It was Wednesday night, Nov. 8, 2018, and it was College Country Night at the bar in Thousand Oaks, California. There was country music and line dancing and over 200 people in the bar, many wearing cowboy boots and flannel shirts, all packed into the former steakhouse that looks like a barn. There were pool tables, neon beer signs, and exposed brick walls. Those who were not old enough to drink wore black Xs on the back of their hands, marking their alcohol-free status.
It was 11:20 p.m. when the Borderline Bar and Grill erupted into carnage and mass confusion. Gunshots blasted. Men hollered. Women screamed. Someone repeatedly called out his girlfriend’s name.
Less than 15 minutes later, when the shooting had stopped, there were 13 people dead.
Among the fallen was a Ventura County Sheriff’s Sgt. Ron Helus who was a 29-year department veteran. He went into the bar to stop the violence. Also among the dead was the gunman, 28-year-old Ian David Long.
It is not clear if Long committed suicide with his .45 caliber Glock fitted with an extended magazine, or if he was shot to death by officers. The Los Angeles Times reports that one thing is clear: the sense of safety and refuge that was cherished by the residents of the Ventura County suburb is lost among the students of the region’s colleges and their parents.
First, the bouncer, Justin Meek, was shot several times in the back by a gunman dressed in black. The gunman targeted Borderline Bar and Grill on a night the pub was filled with college students.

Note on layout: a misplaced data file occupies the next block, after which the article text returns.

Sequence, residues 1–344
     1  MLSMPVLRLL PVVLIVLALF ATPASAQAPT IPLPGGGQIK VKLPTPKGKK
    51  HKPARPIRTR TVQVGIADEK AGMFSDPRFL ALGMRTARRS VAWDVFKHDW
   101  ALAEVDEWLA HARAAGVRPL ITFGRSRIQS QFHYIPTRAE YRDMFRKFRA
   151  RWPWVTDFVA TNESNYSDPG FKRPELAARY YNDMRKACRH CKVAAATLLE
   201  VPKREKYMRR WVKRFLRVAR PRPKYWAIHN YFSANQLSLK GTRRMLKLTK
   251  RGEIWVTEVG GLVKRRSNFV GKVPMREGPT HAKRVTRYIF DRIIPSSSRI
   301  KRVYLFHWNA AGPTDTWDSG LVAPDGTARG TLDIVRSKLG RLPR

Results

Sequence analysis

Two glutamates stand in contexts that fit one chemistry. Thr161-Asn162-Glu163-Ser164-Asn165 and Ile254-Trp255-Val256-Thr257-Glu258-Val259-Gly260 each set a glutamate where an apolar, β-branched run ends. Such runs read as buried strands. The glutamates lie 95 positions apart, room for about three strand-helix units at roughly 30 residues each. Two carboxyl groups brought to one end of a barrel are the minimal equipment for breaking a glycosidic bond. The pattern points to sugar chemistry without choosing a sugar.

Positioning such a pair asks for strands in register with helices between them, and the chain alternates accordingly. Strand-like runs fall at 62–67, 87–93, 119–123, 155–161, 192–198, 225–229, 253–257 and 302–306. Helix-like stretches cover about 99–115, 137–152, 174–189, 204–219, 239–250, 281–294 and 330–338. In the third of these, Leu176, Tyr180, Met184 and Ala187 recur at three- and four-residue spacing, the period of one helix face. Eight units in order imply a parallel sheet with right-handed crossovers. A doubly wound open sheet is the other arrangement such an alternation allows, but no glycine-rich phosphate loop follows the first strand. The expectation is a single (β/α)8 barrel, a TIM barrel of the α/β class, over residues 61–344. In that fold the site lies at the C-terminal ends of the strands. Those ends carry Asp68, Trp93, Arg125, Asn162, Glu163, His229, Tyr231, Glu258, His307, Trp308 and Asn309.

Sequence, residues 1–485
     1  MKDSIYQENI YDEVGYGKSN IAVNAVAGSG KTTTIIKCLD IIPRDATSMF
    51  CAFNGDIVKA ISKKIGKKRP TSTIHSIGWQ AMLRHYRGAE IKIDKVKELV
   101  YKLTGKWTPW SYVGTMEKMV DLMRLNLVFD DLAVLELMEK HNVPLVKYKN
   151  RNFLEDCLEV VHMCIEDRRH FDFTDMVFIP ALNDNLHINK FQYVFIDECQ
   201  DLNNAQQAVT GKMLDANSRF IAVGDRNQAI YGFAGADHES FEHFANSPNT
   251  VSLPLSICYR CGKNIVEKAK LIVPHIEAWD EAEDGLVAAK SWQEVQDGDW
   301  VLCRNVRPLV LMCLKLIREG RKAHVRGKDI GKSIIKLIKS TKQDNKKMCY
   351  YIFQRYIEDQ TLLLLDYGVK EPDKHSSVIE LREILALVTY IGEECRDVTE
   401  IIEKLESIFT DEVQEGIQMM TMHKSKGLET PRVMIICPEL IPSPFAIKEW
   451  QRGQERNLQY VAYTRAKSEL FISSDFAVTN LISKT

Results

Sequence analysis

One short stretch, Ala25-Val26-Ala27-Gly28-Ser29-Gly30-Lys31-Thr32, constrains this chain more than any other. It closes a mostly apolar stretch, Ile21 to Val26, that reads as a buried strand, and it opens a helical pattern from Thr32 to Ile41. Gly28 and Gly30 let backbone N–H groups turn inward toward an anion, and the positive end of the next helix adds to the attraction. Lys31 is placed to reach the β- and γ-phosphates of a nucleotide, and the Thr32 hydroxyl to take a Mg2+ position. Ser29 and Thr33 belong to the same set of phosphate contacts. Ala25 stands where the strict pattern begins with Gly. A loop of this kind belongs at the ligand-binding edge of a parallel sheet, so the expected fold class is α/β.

Matthew Curry hear the shots that were fired. He said he heard four or five shots. The door to the Borderline Bar and Grill opened and the gunman walked into the brightly lit pub and walked toward the cash register.
The 20-year-old Moorpark College student said the next thing he saw was an arm, a gun, and a blast of orange.
“I remember the charcoal dust and the orange gun blast. I saw her body go down, and after that it was just mayhem.”
Not long after 19-year-old Erika Sigman escaped from the Borderline Bar and Grill, she stated: “This is a safe place. My parents let me go here. This is a trusted place. To know this happened to my safe place is a very, very scary thing. You just don’t expect it to happen in Thousand Oaks.”
Sigman is a student at Cal State Channel. She and her friends were celebrating a birthday when the shots flew through the busy pub. They all dropped to the floor and hid under bar stools when the saw a smoke bomb that was poised to go off. After the first rounds of gunfire stopped, Sigman ran out the front door, raced through the parking lot and hid behind cars with terrified strangers.
“We were scared he would come to the parking lot, because what then? Cops finally came, and one of the cops ran across the parking lot to tell us what to do. It was still an active shooter [situation].”
She was reunited with two of her friends. A third friend was carried off by “an amazing guy.” Sigman and her friends were regulars at Borderline. “[We were all] just pretty shaken up… I thought for a minute that I won’t make it out.”
When Long started firing into the crowded pub, Helus was on the phone talking with his wife Karen. Then, dozens of 911 calls came in. “I gotta go handle a call. I love you. Talk to you later.”
Helus and California Highway Patrol Officer Todd Barrett were the first to arrive on the scene. It was 11:22 p.m. At 11.:26 p.m. Ventura County Sheriff Geoff Dean said officers exchanged gunfire with the Long. Helus was repeatedly shot. Barrett dragged him out of the building while the shooting continued.
Borderline regular Tim Dominguez generally avoids College Night at the pub. However, his 26-year-old wanted to go to the pub, so the two played pool. They were just about to leave the pub. They were 10 feet from the door when the men heard the first shots fired.